There hasn’t been a single industry that’s been left untouched by the pandemic.
In the catering industry, for example, there’s been a substantial rise in online ordering. However, most catering establishments don’t have an in-house delivery system, which means that outsourcing to delivery companies can deeply cut into profits, with charges of a whopping 20-25 per cent.
Kevin Attard, a restaurateur involved in Fresco’s Restaurant and Giorgio’s Café in Sliema utilises most of the online delivery companies.
“Online orders have definitely increased. In our case, it makes sense because we have a big kitchen that can cope with the demand in the restaurant, as well as the deliveries. We can knock out quite a few meals, but the delivery companies charge between 20 and 25 per cent so it’s important that there’s volume. Otherwise, it’s hard to make a profit from it,” Mr Attard says in the latest issue of Digital Island.
“In my opinion, there are three variables for the smaller restaurants,” he asserts, when asked about the prospects of small-scale eateries within this new reality in consumer behaviour, “it’s about location, cost and price. From one aspect, if they keep their business small, keep overheads down, and focus more on their deliveries, they could survive.”
“On the other hand, if they can’t keep the quantity up due to limited space, staff, and equipment, they won’t make enough money to make it work. It’s typical that the online orders start rolling in when the restaurant is busy. So if the kitchen can’t cope with it, a stage of stagnation will be reached, which will cause long waits in the restaurant or the deliveries.”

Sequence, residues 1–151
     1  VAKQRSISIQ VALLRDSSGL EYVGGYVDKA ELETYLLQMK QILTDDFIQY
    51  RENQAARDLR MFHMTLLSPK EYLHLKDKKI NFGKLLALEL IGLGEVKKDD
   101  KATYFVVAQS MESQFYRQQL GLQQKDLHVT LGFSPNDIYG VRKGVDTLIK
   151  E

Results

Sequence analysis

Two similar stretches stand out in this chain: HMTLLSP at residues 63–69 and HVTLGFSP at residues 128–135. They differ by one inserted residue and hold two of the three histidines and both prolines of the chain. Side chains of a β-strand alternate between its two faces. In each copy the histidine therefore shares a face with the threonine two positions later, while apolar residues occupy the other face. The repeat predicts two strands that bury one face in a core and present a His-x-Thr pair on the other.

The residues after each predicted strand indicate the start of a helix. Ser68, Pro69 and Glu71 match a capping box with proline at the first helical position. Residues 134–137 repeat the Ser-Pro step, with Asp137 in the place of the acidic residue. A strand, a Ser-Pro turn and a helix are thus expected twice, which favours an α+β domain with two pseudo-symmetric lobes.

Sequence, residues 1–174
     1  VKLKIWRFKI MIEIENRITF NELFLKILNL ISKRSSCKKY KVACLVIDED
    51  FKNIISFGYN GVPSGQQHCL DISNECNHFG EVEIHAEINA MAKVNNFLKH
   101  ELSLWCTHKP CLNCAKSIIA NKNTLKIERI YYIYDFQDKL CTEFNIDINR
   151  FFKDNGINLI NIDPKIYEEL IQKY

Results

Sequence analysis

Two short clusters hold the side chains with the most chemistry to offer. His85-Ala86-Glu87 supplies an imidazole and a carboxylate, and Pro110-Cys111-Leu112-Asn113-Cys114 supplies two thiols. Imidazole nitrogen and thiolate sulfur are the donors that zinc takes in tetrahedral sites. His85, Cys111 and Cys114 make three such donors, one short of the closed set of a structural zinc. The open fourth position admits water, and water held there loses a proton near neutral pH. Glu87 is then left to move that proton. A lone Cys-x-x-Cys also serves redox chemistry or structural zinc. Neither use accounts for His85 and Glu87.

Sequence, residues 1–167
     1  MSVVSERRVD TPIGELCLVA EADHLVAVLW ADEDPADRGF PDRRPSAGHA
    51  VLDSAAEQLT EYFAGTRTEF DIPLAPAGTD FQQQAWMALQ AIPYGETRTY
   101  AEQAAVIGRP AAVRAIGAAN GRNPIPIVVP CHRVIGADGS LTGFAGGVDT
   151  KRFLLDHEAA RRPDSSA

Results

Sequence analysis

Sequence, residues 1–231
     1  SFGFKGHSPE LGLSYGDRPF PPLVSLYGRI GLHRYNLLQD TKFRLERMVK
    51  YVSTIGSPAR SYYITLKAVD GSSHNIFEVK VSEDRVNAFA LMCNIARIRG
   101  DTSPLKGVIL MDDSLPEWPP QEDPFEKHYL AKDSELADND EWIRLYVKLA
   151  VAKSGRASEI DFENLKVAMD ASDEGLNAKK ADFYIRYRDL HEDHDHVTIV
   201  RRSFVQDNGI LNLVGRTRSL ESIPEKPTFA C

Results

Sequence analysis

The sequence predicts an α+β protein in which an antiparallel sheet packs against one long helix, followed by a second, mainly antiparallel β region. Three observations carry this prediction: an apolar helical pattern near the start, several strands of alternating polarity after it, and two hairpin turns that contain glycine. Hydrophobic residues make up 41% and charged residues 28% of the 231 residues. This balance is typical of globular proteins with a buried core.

This shift in consumer behaviour is long-term, according to Mr Attard. “Online ordering isn’t going anywhere and will only increase. It seems that people are ready for the change and are happy to pay for a delivery charge. No one seems to be complaining about it.”
“Having said that, I don’t think it will affect traditional dining, especially not in summer. People still want to be out. Winter will most definitely see an increase in online ordering, but as soon as the weather is warm again, it will be back to a regular catering summer in Malta,” he adds.
Beyond the cost considerations of this acceleration in online buying, the coronavirus pandemic crisis is fast-tracking an expansion of e-commerce towards a whole lot of new firms, customers and types of products. Another long-term result could be a shift of online transactions from luxury goods and services to everyday necessities.
Whether it’s profitable to the merchant or not, the consumer has tried online and likes it. Charles Borg concludes, “it’s undeniable that there are serious challenges within this ascending online shift. However, this phenomenon is here to stay, and as a result, we will continue to invest and strengthen our dual offering, recognising that this is the future.”
This forms part of a wider feature carried in the latest edition of Digital Island.
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